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README.md

WiFiDuck

WiFi Duck Logo

Keystroke injection attack platform
A worthy successor of the WiFi Ducky project

🐦 Twitter | 📺 YouTube | 🌍 spacehuhn.io

running example script

Overview

Disclaimer

This is a tool.
It's neither good nor bad.
Use it to do good, to study and to test.
Never use it to do harm or create damage!

The continuation of this project counts on you!

About

This open source project aims to provide a user-friendly tool to learn about keystroke injection attacks.
A microcontroller acts as a USB keyboard that is programmable over WiFi.
It's using the Ducky Script language that Hak5 introduced with the USB Rubber Ducky.

A keyboard is trusted by most operating systems by default, which enables for a variety of attacks.
Humans might not type very fast, but an automated device like this can.
It can open a terminal and mess with your computer in a matter of a milliseconds!

Changes

Changes since the WiFi Ducky predecessor:

  • Support for multiple keyboard layouts, adjustable within the script
  • No size limit per script (other than the physical limit)
  • No line length limit for the STRING command
  • Faster typing speed
  • Added RGB (Neopixel LED)
  • Reworked web interface
  • Replaced serial with i2c connection, to make debugging and flashing easy

Hardware

This tool requires following hardware:

  • An Atmega32u4 or Atsamd21 based board (for example: Arduino Leonardo, Arduino Pro Micro or Adafruit Trinked m0)
  • An ESP8266 or ESP8285 (for example NodeMCU or Lolin/Wemos d1 mini)
  • [Optional] A single Neopixel LED (WS2812b)

You will also need a computer, a working USB cable, patience and common sense.

If you're a beginner, it's recommended you wire everything together on a breadboard first!
So get a breadboard with a couple of jumper wires.

If you wish to solder everything together to a small DIY gadget, you'll obviously need soldering equipment and a bit of experience using it.

Connections

Here's a map of the pins that need to be connected.

ESP8266 Atmega32u4
GPIO 5 or D1 SCL or D3
GPIO 4 or D2 SDA or D2
GND GND
Atmega32u4 Neopixel LED
D7 DI, Data or In
GND GND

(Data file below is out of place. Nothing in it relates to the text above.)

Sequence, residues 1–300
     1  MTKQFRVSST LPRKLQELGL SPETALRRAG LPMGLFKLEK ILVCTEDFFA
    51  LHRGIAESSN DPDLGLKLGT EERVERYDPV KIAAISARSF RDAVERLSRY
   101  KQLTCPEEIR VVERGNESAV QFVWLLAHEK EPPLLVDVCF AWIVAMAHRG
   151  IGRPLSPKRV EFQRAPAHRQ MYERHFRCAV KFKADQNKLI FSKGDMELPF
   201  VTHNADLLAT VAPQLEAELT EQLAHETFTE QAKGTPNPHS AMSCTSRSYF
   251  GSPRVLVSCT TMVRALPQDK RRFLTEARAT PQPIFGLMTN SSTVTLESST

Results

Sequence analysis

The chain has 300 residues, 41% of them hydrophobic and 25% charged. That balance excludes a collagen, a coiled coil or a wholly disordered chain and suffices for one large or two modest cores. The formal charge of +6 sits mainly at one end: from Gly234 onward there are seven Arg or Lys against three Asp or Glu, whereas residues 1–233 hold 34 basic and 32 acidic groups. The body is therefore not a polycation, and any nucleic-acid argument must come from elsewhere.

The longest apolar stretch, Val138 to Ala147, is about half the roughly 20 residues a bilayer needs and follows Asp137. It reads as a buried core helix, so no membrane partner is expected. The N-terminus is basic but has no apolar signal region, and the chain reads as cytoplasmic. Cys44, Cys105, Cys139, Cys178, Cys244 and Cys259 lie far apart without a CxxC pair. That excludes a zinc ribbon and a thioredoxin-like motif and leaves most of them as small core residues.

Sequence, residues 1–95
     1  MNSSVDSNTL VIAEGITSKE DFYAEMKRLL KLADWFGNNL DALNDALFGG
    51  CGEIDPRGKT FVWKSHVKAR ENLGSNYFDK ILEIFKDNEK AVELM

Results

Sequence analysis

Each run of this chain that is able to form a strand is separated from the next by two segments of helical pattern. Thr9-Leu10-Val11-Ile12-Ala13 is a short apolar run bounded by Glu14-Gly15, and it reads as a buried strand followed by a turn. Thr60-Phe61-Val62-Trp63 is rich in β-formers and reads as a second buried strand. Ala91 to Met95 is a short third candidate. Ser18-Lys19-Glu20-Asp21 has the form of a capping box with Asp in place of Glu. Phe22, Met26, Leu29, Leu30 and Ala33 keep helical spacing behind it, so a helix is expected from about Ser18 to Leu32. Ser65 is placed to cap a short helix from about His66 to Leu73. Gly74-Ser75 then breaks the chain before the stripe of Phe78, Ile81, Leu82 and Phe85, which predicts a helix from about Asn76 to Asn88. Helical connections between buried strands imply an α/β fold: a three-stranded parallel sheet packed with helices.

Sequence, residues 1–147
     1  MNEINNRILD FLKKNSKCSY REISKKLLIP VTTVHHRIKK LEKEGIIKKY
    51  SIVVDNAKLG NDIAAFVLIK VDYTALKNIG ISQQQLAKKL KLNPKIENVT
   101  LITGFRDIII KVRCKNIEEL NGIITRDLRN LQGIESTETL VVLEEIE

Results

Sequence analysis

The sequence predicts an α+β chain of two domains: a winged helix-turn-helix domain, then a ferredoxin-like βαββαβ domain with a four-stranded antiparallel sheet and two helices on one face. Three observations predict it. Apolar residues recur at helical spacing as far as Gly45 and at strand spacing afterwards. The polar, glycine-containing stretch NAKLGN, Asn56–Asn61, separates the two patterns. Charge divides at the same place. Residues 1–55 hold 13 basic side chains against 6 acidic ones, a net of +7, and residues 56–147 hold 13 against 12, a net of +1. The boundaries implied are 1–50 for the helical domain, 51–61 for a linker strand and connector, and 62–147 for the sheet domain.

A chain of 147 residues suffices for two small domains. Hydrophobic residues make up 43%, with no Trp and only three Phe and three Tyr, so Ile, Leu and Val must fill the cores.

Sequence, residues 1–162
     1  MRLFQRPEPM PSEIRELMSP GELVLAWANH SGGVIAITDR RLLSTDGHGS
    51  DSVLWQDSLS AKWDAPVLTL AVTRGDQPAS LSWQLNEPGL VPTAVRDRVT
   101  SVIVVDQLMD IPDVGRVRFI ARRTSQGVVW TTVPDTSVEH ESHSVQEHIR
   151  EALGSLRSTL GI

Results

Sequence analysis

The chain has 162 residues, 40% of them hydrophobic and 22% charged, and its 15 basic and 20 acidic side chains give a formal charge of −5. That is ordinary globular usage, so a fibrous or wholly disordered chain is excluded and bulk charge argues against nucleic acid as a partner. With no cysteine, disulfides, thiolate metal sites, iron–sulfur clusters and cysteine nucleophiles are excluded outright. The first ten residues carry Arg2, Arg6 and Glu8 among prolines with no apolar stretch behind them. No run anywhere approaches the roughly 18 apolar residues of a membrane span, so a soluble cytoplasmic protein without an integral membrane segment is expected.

Flash Software

Requirements

Arduino IDE:

Latest ESP8266 Arduino Core:

Arduino Libraries:

Installing Arduino libraries is always the same procedure:
Download the repository, unzip it and move it inside the libraries folder.
If you need more information, here is a tutorial with more information.

Atmega32u4/Atsamd21

  1. Open atmegaduck/atmega_duck.ino with the Arduino IDE
  2. Under Tools->Board select your board, for example Adafruit Trinket m0.
    You can also select Arduino Leonardo if you use a 5V Atmega32u4 (used on DSTIKE board too) or LilyPad Arduino USB if you use a 3.3V Atmega32u4
  3. Plug the board in and select its port under Tools->Port
  4. Press the Upload button

ESP8266/ESP8285

  1. Open esp_duck/esp_duck.ino with the Arduino IDE
  2. Under Tools->Board select NodeMCU 1.0 (ESP-12E Module) (or whatever corresponds best to your ESP8266/ESP8285 based board).
    Be sure to use the latest ESP8266 Arduino Core, see requirements!
  3. Under Tools->Flash Size select 4M (3M SPIFFS) (or 1M (512K SPIFFS) if you use a ESP-07 Module or ESP8285 based board).
  4. Plug the board in and select its port under Tools->Port
  5. Press the Upload button

Selecting the right board settings

DSTIKE WiFi Duck

If you like to support this project, Travis Lin sells a custom made board that ships preflashed!

DSTIKE WiFi Duck

It features a 8bit DIP-switch, making it easy for you to flash both the ESP8266 and the Atmega32u4:

Mode DIP-switch Image
Normal Work Mode (Default Operating Mode) 10101101 dstike wifi duck work mode
Atmega32u4 (Arduino Pro Micro) Flash Mode 10101010 dstike wifi duck atmega mode
ESP8266 (NodeMCU 1.0) Flash Mode 01011101 dstike wifi duck esp8266 mode

You can purchase one here:

Usage